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WHICH ANTIDEPRESSANT IS BEST FOR ME
You are diagnosed with depression and your doctor is suggesting medication, now what? The decision to take antidepressants may seem simple ... you take them and they make you feel better, right? Not necessarily. There is so much more you need to consider before taking that first pill. Antidepressants have helped many people get back on the road to recovery, but they aren’t always the perfect solution.
Antidepressant drugs are touted to help reduce the extreme sadness, hopelessness, and lack of interest in life that are typical in people with depression. But if antidepressants work at all it is by numbing out the patient to the pain they are experiencing. I can look into people’s eyes and tell if they are taking the drugs. I can see that they are in a pharmaceutical coma and not able to really experience life to the fullest.
These drugs have become the modern day equivalent of snake oil and are used to treat conditions, such as obsessive compulsive disorder, premenstrual syndrome, chronic pain, eating disorders, and bed-wetting. Some of the side effects that can be caused by antidepressants include dry mouth, nausea, nervousness, insomnia, headache, sexual problems, unable to sit still, fatigue, runny stools, diarrhea, blurred vision, constipation, difficulty urinating, and impaired thinking. The side effect that is the most potentially deadly for a depressed person is “suicidal ideations” (thoughts of and making plans to kill yourself). Side effects can be as bad, if not worse, than the depression that the medication is intended to treat. Long-term side effects of antidepressant medications are unknown.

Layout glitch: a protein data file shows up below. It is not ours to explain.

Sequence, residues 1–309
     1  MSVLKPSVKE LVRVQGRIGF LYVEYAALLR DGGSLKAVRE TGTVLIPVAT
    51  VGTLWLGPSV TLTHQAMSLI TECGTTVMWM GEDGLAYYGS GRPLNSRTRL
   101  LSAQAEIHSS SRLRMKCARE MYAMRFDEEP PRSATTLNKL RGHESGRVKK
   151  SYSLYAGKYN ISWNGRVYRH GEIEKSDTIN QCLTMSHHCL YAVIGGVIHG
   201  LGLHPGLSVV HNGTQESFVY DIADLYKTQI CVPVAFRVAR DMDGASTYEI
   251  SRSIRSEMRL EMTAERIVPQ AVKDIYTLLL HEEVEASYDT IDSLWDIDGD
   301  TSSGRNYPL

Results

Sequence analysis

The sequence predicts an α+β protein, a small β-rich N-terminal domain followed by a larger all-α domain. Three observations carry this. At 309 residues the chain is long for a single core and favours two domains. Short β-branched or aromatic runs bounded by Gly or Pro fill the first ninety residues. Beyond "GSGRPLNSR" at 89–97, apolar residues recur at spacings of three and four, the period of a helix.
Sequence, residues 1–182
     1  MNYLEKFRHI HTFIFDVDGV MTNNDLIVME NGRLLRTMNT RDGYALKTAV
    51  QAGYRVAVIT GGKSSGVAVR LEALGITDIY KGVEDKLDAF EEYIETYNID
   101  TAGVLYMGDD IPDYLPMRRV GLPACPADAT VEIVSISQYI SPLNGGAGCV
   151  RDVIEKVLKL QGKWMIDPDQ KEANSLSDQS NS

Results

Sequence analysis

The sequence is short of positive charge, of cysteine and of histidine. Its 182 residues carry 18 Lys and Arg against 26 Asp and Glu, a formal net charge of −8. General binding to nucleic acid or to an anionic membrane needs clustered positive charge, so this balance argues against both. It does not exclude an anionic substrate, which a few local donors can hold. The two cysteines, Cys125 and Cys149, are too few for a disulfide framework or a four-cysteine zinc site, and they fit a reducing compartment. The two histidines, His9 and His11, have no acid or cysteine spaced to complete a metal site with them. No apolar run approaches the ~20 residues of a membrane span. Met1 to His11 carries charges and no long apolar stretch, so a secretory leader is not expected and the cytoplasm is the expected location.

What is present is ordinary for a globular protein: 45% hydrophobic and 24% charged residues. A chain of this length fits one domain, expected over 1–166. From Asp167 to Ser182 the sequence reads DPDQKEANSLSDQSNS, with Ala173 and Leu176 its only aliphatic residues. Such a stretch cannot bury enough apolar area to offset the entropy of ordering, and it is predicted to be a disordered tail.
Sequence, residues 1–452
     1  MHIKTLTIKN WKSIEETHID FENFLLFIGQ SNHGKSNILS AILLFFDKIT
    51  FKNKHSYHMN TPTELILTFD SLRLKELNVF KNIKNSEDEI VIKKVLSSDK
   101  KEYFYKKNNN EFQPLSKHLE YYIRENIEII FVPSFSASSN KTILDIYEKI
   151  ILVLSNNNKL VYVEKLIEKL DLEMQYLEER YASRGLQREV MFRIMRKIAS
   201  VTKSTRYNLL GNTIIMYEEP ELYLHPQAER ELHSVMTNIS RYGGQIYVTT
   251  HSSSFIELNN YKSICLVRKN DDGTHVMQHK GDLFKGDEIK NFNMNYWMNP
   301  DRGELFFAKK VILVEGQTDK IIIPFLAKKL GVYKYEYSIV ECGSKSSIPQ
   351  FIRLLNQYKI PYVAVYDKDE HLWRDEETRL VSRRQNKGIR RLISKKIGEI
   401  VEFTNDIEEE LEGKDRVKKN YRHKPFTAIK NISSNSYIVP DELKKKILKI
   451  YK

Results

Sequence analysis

In rare cases the use of an antidepressant may be the right choice. But the patient must understand that the pill will not cure them. It is merely covering up the symptoms. A better approach would be counseling because antidepressants have a unique way of controlling your life. You fear that without them you will be worse off. My doctor had so thoroughly convinced me that I was sick and that I would have to take these drugs forever that my life centered on my doctor visits and getting my prescriptions refilled.
Depression is a serious issue. It darkens vision and distorts thinking while draining joy and pleasure from life. When depression interferes with your work, play, and relationships, it’s time to take action. The decision of how to treat depression should be made carefully and will be different for different people, but personal action is the key to recovery.
Deciding to take antidepressants is a major decision. If your doctor suggests that you take an antidepressant, make sure you have all of the facts and weigh the possible benefits against the side effects. I am not suggesting that you avoid medication but my hope is that you will ask questions and get informed so that you can stay safe.
About the Author: Jeffrey Wilson is a survivor of 23 years of psychiatric drug treatment, a former executive in the pharmaceutical industry and the author of Irrational Medicine: The Antidepressant Crisis and How To Avoid Unnecessary Behavioral Drugs. He is a recognized expert in overcoming depression and is passionate about each person's ability to recover and create a life full of joy and meaning. For more information please visit www.irrationalmedicine.com